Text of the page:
77 years after World War II, an aircraft carrier, the USS Wasp has been found deep in the Coral Sea. The aircraft carrier had been in service during the Second World War from Iceland to Guadalcanal, Solomon Islands. It was found by Petrel, a research vehicle who expeditions have been founded by the late Paul Allen, who was Microsoft's co-founder.
The Wasp was found through a sonar-equipped autonomous underwater vehicle and a camera-equipped remotely operated vehicle. According to reports, the aircraft carrier was commissioned in 1940. It began service on the Atlantic Front and provided defensive fighter cover for the US Army planes landing in Iceland. It also had a supporting role in two US and British campaigns, the Operation Calendar and Operation Bowery, which were aimed at defending the island bastion of Malta against the German and Italian air raids. When the vessel completed its mission, the then British Prime Minister Winston Churchill messaged his thanks and wrote 'Who said a Wasp couldn't sting twice?' Its final mission was to serve as an escort for the 7th Marine Regiment which was heading to Guadalcanal with reinforcements for the pivotal battle there in 1942. But then on September 15, 1942, the Wasp was hit by four torpedoes from a Japanese submarine. Engulfed in flames, it sank but Captain Forrest P. Sherman was able to get all his men off. Reports say that 45 aircraft went down with the ship and this is clearly shown in Petrel's video of the shipwreck.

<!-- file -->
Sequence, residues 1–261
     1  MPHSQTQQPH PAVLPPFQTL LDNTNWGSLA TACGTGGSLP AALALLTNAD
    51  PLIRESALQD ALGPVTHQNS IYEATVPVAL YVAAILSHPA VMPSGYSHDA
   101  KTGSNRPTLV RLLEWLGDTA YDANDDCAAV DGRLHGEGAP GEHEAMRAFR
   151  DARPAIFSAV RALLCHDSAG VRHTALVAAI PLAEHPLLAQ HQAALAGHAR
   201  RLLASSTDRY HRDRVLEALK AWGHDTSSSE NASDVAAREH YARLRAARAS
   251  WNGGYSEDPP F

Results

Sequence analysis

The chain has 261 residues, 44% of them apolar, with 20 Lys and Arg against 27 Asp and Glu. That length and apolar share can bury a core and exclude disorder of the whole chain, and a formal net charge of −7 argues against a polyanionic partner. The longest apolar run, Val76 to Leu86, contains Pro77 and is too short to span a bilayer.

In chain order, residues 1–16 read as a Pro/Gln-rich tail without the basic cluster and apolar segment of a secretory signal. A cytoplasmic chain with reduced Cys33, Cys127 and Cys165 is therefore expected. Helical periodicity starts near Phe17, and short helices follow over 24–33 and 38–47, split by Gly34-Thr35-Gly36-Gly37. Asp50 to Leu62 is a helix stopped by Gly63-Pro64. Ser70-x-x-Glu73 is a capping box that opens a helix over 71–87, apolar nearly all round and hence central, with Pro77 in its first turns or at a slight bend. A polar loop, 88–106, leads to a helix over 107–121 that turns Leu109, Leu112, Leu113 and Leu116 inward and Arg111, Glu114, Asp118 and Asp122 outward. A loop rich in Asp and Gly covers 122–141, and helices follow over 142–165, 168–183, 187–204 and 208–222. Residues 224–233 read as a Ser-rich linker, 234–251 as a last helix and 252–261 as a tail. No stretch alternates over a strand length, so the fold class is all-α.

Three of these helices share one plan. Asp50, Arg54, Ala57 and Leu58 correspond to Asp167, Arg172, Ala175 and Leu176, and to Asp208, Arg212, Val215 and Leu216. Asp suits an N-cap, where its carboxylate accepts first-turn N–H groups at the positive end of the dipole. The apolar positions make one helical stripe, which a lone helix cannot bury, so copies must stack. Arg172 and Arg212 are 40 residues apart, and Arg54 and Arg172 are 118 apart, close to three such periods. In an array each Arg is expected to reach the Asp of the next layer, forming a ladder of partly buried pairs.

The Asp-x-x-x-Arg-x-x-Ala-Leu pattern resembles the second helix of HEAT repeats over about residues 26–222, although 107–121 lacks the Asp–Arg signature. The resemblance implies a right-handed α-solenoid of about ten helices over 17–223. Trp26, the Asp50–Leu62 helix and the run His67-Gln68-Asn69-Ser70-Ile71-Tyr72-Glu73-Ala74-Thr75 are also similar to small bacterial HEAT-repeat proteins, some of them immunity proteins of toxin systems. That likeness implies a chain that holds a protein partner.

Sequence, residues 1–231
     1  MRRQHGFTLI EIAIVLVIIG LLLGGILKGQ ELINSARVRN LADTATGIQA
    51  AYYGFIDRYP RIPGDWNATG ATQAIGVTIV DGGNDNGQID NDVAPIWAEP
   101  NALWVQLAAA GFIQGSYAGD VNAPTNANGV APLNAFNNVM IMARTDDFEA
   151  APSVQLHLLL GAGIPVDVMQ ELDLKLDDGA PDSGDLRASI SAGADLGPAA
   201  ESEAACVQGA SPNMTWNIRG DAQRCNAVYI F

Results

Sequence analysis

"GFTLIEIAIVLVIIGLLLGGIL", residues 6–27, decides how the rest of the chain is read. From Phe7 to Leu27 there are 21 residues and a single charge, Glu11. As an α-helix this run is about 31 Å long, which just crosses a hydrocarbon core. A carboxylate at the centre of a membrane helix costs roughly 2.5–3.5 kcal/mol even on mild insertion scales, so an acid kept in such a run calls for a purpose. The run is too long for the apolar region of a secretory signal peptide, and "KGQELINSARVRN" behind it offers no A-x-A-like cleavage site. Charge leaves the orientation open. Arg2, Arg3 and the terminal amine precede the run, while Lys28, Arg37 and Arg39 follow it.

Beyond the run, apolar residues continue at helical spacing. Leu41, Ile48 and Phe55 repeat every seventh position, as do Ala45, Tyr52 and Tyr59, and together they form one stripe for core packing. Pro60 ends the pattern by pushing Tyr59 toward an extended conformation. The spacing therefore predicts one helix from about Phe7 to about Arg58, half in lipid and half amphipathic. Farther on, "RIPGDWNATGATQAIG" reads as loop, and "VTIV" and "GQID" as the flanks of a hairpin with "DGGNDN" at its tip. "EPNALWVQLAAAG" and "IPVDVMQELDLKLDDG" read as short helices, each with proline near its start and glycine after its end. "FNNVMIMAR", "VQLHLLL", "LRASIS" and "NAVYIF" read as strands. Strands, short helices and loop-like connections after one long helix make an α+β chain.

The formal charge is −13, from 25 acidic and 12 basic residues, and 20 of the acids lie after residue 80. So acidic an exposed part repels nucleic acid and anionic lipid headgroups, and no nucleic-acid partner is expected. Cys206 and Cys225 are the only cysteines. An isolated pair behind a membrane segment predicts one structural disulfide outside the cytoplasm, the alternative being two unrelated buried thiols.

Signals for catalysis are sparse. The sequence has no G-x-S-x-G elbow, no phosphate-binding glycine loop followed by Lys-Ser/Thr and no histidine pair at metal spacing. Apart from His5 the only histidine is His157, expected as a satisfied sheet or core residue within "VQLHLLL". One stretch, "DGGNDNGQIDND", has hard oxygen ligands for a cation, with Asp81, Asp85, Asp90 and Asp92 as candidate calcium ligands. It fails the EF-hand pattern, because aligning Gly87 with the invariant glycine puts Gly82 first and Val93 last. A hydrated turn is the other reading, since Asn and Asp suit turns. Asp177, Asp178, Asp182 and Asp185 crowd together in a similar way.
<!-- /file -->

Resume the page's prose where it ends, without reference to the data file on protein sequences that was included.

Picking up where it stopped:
The Petrel has been documenting the resting places of historic shipwrecks and engaged in scientific studies in the Pacific Ocean and surrounding seas.